Turning Conflict into Commerce
How to Transform the Way Business Relationships Are Managed
July 9, 2016
By Noah Hanft
It’s a familiar refrain. Those of us who have been practicing law for a while have seen it many times. A successful company – maybe a start-up or perhaps a competitor – finds itself courted by a potential partner for a merger, acquisition or joint venture. And in those early heady days of courtship, both parties, naturally, focus on all the good stuff such as profits, press and growth, rather than what could go wrong. When a disagreement occurs, as so often happens, resolving it means painful, expensive litigation or, at the least, messy settlement negotiations. Often the fight gets ugly, cooler heads don’t prevail and the relationship ends.
But what if it didn’t have to be that way?
Parties in the throes of deal-making often don’t want to put a damper on negotiations by focusing on negative scenarios, but planning for at least the possibility, if not the inevitability, of some conflict can actually help preserve relationships, especially when the fail rate of joint ventures is estimated to be well over 50%. The negotiating parties need to 1) recognize that disputes will arise and 2) figure out the best ways to anticipate, mitigate and resolve them.
CPR recently honored its member Monsanto and its VP of Global Strategy, Scott Partridge, for doing just that – utilizing CPR processes to create an industry-wide dispute management system that recognizes that disputes will arise, puts a system in place to address them and creates a platform for companies to address issues going well beyond disputes and into opportunities for pro-competitive collaboration. The “Monsanto Model” of relationship-based conflict avoidance and dispute resolution processes shows how a thoughtful and realistic approach to business relationships can drive, rather than frustrate, commerce.
Monsanto’s innovative approach wasn’t solely a legal matter, but a holistic corporate one, supported by the most senior management, focusing on how best to get business done. In fact, the company’s charge to lead the development and implementation of these programs came straight from Monsanto’s Chairman and CEO.
So what can other CEOs and other business leaders do to integrate dispute resolution into their own business processes? Here are few tips:
1. Recognize the Reality of Business Conflict. Just like death, taxes and marital disagreements, business conflict is inevitable. This does not, however, mean that business must be disrupted. Far too many expensive, protracted and disruptive battles occur because companies are organized for litigation, not dispute management. If your organization can prioritize dispute anticipation and resolution you will have a competitive advantage. Once you’ve changed the company mind-set that assumes dispute resolution is something that “legal will deal with,” you’re half-way there.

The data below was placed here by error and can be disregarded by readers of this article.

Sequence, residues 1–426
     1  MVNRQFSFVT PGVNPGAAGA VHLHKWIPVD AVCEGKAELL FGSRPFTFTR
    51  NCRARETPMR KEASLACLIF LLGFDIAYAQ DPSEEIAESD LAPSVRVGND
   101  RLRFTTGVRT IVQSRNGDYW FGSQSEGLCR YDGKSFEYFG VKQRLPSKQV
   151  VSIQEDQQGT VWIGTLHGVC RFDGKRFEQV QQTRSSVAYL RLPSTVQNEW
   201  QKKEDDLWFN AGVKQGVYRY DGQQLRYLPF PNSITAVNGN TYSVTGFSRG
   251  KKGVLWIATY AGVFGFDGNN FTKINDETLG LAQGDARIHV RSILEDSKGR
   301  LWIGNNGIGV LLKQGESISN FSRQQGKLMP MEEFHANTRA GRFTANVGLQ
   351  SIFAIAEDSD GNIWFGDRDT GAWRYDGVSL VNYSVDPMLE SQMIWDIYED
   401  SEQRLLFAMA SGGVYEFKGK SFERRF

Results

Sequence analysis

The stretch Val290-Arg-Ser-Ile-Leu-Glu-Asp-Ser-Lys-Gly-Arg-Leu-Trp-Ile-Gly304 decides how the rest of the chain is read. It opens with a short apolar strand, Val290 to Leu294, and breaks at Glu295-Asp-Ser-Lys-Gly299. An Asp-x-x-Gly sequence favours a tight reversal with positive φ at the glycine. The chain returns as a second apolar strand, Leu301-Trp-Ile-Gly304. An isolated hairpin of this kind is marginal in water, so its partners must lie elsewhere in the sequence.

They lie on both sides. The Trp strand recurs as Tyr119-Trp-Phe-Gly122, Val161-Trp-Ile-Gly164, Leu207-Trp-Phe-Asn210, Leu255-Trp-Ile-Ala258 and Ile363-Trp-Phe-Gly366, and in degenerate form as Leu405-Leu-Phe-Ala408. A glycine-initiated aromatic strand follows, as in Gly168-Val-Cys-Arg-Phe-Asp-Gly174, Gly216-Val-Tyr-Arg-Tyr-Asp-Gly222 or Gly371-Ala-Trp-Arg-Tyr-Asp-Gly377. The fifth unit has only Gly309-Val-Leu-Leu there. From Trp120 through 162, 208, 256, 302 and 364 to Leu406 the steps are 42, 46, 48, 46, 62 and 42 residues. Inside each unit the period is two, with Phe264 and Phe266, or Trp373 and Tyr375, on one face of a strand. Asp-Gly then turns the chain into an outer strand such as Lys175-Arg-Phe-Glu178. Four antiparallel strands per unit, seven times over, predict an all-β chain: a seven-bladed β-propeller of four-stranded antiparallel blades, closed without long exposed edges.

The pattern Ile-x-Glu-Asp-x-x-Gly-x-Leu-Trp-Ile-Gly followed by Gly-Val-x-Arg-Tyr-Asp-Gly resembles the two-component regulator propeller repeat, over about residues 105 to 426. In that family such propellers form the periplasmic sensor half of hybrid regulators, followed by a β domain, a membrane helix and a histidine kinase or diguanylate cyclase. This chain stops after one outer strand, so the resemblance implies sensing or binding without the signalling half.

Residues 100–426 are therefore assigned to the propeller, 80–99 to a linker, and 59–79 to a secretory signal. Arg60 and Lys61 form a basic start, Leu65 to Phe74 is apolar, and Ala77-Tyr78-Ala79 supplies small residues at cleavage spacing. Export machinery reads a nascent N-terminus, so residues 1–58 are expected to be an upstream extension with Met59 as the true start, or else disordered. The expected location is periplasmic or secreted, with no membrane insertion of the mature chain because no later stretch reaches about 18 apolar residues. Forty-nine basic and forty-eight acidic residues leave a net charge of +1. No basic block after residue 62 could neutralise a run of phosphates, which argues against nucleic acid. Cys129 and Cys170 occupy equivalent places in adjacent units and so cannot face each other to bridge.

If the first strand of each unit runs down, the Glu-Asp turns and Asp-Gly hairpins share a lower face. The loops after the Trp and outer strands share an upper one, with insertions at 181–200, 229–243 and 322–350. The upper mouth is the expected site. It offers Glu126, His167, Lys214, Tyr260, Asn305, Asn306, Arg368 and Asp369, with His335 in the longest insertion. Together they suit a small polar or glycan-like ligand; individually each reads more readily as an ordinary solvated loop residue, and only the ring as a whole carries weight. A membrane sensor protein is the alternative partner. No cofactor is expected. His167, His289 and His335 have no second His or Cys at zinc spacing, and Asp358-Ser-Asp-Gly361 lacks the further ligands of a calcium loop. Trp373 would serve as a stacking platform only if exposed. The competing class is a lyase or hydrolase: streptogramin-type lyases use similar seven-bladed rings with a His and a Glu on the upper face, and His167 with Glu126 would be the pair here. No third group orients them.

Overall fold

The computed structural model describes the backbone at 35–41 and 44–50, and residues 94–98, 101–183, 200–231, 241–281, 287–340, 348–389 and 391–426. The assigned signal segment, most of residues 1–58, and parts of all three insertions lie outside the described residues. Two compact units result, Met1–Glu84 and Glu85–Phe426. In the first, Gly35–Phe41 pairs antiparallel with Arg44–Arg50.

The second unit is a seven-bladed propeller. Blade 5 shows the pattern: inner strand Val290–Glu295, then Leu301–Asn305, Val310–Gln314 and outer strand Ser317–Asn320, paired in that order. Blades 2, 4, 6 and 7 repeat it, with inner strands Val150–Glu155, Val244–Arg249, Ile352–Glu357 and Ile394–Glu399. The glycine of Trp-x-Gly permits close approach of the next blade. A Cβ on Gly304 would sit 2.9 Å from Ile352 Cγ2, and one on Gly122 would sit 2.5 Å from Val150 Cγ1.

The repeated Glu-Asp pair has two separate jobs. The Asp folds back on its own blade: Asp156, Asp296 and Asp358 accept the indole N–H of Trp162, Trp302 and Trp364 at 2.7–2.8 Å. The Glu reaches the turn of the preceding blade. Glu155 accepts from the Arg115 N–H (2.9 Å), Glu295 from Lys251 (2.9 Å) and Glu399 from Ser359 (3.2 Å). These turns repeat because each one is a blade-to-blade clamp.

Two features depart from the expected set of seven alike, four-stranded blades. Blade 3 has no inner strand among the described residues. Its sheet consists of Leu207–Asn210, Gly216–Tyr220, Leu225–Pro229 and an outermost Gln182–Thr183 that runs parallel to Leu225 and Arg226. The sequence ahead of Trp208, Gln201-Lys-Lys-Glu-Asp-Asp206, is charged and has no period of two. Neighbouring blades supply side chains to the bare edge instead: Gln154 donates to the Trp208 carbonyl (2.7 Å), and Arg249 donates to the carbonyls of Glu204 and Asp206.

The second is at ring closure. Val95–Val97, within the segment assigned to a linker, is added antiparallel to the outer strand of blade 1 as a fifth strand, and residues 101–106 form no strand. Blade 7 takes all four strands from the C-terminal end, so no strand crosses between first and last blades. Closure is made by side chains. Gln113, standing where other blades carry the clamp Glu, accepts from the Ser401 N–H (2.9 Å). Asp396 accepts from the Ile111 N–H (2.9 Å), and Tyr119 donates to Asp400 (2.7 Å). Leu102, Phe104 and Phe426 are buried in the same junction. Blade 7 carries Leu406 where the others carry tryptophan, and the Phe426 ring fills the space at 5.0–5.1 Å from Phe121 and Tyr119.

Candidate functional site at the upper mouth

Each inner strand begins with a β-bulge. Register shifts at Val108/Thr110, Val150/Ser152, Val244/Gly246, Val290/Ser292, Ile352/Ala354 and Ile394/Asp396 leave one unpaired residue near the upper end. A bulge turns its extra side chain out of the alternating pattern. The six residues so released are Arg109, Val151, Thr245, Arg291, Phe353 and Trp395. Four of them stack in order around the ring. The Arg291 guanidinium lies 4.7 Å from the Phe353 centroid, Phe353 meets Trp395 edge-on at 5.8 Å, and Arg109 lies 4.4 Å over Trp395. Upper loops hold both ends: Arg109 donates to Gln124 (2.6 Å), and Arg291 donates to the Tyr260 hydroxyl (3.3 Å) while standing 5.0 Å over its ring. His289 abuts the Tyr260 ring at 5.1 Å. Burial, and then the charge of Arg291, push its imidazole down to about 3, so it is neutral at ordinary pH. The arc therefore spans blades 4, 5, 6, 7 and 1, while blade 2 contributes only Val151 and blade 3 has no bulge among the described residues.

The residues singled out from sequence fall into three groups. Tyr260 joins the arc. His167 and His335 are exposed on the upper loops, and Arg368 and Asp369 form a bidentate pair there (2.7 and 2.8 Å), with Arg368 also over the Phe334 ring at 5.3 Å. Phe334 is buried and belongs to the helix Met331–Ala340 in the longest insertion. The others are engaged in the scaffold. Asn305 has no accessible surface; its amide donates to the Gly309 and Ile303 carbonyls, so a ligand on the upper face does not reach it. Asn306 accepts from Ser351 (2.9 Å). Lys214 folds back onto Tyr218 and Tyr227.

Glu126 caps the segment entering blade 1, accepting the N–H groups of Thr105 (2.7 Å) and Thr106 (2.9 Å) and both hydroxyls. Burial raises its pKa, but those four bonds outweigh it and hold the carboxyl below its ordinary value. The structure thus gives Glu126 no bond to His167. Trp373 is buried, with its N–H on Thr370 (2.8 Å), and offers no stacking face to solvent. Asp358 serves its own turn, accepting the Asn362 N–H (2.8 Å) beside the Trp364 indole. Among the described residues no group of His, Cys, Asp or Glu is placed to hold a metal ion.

2. Plan for Problems. The time to plan for dealing with inevitable disputes is before, not after, they occur. Whether a dispute be with your joint venture partner, supplier or your competitor, take it on in the planning or contract stage. Establish rules of the road, and have these conversations at the highest level possible, not just among the lawyers.
3. Break Down Silos and Impediments to a Solutions Orientation. As with risk management, dispute management requires a broad organizational effort. Get your lawyers, internally and externally, talking to each other and out of their actual or imaginary silos. Your litigators shouldn’t be called “litigators,” but disputes resolution counsel and your transactional lawyers also need to understand disputes. As for your outside law firms, make sure they understand you need a partner focused on your end game (not theirs) to help you attain solutions, not a hired gun whose mission is solely to win their case in litigation.
4. Don’t Reinvent the Wheel. Once you’ve made the commitment, know that you’re not alone. Seek out the resources that are available to assist you and learn from other like-minded individuals. The CPR Institute, for instance, recently launched its new Transactional Dispute Prevention & Solutions Committee, which brings together the attorneys who look to create successful agreements with those who are charged with dispatching problems once they occur. This group draws many in-house attorneys as well as law firms with a broad array of backgrounds and experiences but all with the same goal: to work together to prevent conflicts and preserve relationships.
Whatever your company’s business, true success is probably more likely to be measured by top or bottom line revenue growth or customer satisfaction than number of lawsuits won. The way to drive commerce and avoid the disruption of litigation is to think early and often about the likelihood of business conflict and how to predict it early, mitigate and resolve it. Indeed, when you build in the reality that ventures or deals will in all likelihood encounter disagreements, it is possible to turn conflict to commerce and long-term success is far more likely.